10 Questions Board Members Should Ask Management to Mitigate Their Company’s Risk of the Next WikiLeaks Scandal
by Heather Egan Sussman and Obiamaka P. Madubuko, McDermott Will & Emery LLP (source: www.boardmember.com)
By now, nearly everyone has heard of WikiLeaks and its reported plans to release damaging information about U.S. corporations and their executives in 2011. To add to this chilling forecast, copy-cat websites like OpenLeaks, RadioLeaks and LocalLeaks, are now popping up around the globe offering their own online platforms for whistleblowers to release damaging information about their employers. The net effect will be to make anonymous publication of sensitive corporate information easier, safer and, thus, more widespread. To respond to this emerging threat, board members should ask management these 10 simple questions to gauge whether their company is taking the right precautionary steps to mitigate risk in advance of the next public disclosure scandal.
1. What kinds of sensitive data do we use in our business?
Before a company can adequately protect its sensitive information from public disclosure, it first needs to know what types of data are used in its business processes and who has access to this information. Assessing how data flows throughout the organization is the first necessary step toward building effective protections around that information. If management has not yet performed this critical analysis, the risk of a damaging leak may be greater than they think.
2. Do we have an effective privacy and data security program in place?
The most effective privacy and data security programs take a holistic approach to protecting information. After all, a business can have the best firewall protection in the world, but this does not prevent an employee from walking out the door with trade secrets in his backpack. Effective privacy and data security programs integrate technical security measures (e.g., network protection) with non-technical measures like physical safeguards (e.g., restricting building access) and personnel controls (e.g., training to avoid “social engineering” traps).
3. Who is in charge of privacy and data security at our company?
Companies should consider appointing one or more trained privacy professionals to serve as the company’s Chief Privacy Officer. Many companies simply rely on the IT department to handle the complete privacy and security program. This can be a critical mistake, however, if the department fails to implement necessary non-technical security measures that can be equally important in preventing theft and loss of data.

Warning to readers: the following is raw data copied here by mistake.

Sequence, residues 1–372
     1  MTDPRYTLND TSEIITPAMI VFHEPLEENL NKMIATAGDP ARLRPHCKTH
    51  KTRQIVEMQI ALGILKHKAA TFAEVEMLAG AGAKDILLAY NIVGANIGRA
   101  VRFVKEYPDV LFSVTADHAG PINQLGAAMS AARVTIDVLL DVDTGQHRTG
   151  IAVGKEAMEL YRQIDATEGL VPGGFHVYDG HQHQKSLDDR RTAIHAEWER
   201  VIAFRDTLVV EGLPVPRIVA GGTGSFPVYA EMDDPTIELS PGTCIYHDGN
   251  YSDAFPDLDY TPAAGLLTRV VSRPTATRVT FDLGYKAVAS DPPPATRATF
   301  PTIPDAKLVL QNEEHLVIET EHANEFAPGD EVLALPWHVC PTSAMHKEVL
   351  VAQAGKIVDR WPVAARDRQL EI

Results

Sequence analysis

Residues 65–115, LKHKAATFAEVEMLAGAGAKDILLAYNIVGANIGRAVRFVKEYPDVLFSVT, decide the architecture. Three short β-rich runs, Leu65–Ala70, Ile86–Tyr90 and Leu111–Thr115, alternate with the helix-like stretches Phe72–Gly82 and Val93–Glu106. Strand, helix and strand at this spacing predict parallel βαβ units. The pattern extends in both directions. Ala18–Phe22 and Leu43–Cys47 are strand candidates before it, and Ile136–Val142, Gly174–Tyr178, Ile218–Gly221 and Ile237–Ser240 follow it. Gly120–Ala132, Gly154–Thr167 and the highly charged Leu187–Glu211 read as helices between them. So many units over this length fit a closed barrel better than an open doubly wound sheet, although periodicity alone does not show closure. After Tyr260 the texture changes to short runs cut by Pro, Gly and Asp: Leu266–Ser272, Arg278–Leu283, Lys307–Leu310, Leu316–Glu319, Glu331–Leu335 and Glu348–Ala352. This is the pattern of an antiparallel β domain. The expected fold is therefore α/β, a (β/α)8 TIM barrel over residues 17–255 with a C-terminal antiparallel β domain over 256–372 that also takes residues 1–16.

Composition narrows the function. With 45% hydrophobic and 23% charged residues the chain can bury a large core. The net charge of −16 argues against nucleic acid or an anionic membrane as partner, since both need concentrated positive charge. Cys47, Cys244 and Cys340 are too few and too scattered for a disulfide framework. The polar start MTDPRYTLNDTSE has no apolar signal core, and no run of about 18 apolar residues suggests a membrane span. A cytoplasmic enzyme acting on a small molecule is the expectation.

4. What is the state of our internal reporting system?
Another way to mitigate the risk of external leaks is by having in place a strong internal reporting system. Companies should encourage employees to report concerns through a whistleblower program or other anonymous reporting method, promptly investigate complaints received and adopt strong anti-retaliation policies to protect those who make internal reports. Encouraging internal reporting is a hallmark of any effective compliance program, which can be a first line of defense against unwanted leaks.
5. How do we incentivize internal reporting?
Companies should recognize and reward compliance-driven individuals and include compliance-related goals in performance reviews and compensation decisions. Rewards may be monetary or they can include recognitions, intangible benefits, or additional perks like days off. If an employee feels like their report will be taken seriously or can be made without fear of retribution or penalty, internal reporting becomes the more desirable option.
6. Who runs our whistleblower compliance program?
To create a robust compliance program, companies must set the tone from the top down. This includes having a strong code of ethics endorsed by senior management, establishing clear rules and enforcing them fairly and consistently. In addition, the company should appoint someone to oversee the program, like a Chief Compliance Officer who will be accountable and keep the Board informed about the program’s effectiveness.
7. What hiring practices do we use to protect against bad actors?
Even the best infrastructure can be vulnerable when bad actors infiltrate the ranks. To mitigate this risk, companies should conduct thorough background checks of candidates in accordance with state and federal laws. Companies should also require their employees, contractors and vendors to enter into confidentiality agreements and then consistently enforce these agreements so the message is clear that the company will vigorously protect its assets.
8. Are we prepared with a litigation strategy?
Companies can prepare a litigation strategy in advance of a leak scenario to avoid being caught unprepared. Knowing what legal options may be available, including possible injunctive relief and monetary sanctions against those behind the leak, then assembling the right legal team to litigate these matters, can save precious time in the event of a public leak.
9. Do we have a media plan in place to control the impact of a leak?
Equally important is having a media plan in place for communicating with key stakeholders, including employees, customers and investors, in the event of a public disclosure scandal. Preparing in advance a messaging strategy and determining who will deliver the message can also help control the impact of an unwanted leak.
10. Have we performed a risk assessment to analyze our areas of greatest exposure?
Finally, companies need to stay ahead of the curve by conducting periodic risk assessments to make sure they are protected against possible leaks. Privacy and data security protection questions should be part of routine audits undertaken at the company and any identified weaknesses should be promptly addressed.